Bird mites (another name for Bird lice) have a yellow coloured body which is less than 1mm in size and 8 legs. The mites’ body changes colour, to dark red or black, once the mite had a feed of the bird’s blood. The common bird mite species that affects people is the Starling mite (Ornithonyssus bursa). The bird mite may live up to 3 months, and die within 3 weeks if there is no food. The bird mites are most active in spring and summer.
he mite breeds on the birds such as: sparrows and pigeons. The birds set up nests in the roofs of houses and continue to stay there until the young leave the nest.
In the bird’s nests, the mite thrives in warm and moist conditions. When the young birds begin to leave their nest, the thousands of mites left behind in the nest, are forced to find food elsewhere. The mite then may travel from the nest in the roof to the living environment through the ceiling, walls and even into the bed. This is how the mite infestation begins.
Once in the living area of the house, the mites bite people in search of food. The mite therefore bites the human skin, and injects saliva which lead to irritation. The skin becomes itchy, swells and has raised pink spots on the skin. When the spots start to appear, it is then that people realise they may have been bitten by a bird mite!
Treatment and Control of Bird Mites
If you are bitten by the bird mite, you may need to apply an insect repellent to prevent further biting. As the bite causes an irritation, an anti-itch cream (eg. eurax) may be applied to relieve the itching.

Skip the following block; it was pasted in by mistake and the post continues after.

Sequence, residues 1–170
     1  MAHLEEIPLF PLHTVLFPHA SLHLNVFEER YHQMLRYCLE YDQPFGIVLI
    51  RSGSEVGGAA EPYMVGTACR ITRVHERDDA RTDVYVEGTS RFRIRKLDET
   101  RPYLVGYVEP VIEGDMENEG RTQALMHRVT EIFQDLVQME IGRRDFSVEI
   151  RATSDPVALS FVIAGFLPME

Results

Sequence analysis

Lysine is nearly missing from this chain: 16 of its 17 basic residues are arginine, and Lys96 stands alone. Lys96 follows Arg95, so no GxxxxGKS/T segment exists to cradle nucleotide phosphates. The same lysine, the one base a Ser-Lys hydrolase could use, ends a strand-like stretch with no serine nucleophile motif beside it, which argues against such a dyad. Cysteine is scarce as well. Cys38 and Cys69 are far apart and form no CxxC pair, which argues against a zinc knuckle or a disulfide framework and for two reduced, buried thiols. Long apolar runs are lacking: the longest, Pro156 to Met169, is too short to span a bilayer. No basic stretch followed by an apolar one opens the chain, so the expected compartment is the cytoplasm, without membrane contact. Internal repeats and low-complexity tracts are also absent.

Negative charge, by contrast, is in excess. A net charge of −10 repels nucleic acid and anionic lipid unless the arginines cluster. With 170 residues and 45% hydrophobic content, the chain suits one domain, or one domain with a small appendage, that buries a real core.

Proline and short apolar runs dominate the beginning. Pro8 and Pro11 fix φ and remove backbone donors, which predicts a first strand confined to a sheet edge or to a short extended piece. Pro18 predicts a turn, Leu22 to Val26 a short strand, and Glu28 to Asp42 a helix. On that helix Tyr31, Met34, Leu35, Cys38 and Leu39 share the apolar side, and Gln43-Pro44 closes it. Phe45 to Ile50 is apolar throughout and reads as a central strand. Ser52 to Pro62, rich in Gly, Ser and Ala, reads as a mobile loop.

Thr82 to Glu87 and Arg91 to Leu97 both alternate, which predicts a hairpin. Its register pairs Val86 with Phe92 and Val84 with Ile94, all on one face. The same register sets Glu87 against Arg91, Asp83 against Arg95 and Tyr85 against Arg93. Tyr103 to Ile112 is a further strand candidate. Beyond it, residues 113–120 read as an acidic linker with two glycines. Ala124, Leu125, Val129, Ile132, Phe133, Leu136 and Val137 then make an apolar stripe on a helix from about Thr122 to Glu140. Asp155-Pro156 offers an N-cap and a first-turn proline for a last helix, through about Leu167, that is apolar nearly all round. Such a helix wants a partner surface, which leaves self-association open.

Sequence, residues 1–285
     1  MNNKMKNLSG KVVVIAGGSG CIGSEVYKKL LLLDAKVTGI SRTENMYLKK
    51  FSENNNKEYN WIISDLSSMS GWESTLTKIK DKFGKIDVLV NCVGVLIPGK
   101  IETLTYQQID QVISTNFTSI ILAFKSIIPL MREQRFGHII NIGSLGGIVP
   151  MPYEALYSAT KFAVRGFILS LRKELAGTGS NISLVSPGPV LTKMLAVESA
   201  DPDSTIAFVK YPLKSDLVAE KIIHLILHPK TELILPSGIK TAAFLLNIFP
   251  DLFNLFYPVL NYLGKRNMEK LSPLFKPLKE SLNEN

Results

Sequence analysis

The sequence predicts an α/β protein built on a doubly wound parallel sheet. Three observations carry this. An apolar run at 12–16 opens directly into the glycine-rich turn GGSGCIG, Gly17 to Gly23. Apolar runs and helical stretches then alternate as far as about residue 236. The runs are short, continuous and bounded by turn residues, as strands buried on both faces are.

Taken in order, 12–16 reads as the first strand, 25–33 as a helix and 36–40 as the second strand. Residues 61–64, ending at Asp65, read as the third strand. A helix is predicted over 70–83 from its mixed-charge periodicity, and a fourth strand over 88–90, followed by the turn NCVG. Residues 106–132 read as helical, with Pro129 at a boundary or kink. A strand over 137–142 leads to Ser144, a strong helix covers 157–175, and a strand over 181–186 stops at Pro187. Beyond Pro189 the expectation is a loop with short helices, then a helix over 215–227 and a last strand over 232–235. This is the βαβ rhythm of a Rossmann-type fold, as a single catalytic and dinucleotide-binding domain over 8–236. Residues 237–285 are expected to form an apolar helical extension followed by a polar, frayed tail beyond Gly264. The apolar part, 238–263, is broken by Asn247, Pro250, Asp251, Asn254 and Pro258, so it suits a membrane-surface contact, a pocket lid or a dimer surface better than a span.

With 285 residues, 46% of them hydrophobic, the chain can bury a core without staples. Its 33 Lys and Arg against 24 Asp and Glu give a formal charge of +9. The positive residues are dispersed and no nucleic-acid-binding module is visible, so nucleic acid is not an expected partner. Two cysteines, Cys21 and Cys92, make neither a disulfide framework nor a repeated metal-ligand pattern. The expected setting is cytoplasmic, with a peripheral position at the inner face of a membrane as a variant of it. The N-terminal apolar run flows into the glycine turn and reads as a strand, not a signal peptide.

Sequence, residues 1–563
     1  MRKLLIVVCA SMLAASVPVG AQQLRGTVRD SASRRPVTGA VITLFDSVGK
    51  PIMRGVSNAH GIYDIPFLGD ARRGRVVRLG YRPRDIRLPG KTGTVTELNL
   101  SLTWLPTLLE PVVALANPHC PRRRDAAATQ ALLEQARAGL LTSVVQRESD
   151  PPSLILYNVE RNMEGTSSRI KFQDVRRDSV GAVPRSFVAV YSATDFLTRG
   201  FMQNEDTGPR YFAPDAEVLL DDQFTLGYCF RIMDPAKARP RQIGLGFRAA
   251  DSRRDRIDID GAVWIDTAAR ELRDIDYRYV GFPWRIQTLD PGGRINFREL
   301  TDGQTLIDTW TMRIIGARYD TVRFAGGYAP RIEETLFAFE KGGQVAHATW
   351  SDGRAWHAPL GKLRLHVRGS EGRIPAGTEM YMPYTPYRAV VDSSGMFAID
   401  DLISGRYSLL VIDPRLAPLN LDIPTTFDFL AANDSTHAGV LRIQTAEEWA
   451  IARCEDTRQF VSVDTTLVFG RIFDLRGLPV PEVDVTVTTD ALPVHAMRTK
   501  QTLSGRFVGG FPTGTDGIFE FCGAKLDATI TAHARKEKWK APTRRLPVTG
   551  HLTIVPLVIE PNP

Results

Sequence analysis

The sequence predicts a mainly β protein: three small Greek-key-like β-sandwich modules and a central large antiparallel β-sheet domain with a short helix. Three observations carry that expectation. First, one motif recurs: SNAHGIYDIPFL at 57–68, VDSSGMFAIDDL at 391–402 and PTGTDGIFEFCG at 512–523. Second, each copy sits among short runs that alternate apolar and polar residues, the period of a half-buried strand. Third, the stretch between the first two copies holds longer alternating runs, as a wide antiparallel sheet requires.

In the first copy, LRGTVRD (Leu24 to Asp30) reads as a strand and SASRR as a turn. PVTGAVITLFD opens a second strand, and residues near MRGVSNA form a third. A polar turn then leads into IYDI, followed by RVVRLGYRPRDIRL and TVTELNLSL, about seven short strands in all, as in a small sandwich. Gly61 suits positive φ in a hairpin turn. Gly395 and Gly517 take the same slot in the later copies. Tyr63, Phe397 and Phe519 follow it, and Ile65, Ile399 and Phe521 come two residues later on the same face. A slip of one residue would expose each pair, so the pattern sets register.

The living areas of the house should be treated with suitable pesticide. You may need to call a pest control expert to help you with the bird mite infestation.
The bird mite infestations must first be identified and removed. Inspect all areas of the house and attempt to locate the nest. Areas that should be checked include: roof, basement, attic, porch, wall voids, and chimney as well as potential areas near foundation.
Once a nest has been found, it is important to treat all nests with an insecticide. The nest should then be removed. The person removing the nest is at risk of contracting a bacterial disease, psittacosis, as the person is coming in contact with the nest. Gloves and mask are recommended. Without removal of nests will not stop further mites entering and the problem will continue.
All crevices and openings in roof and living areas should be sealed up.
Your pest control professionals will be able to assist you effectively to make your home safe and bird mite free.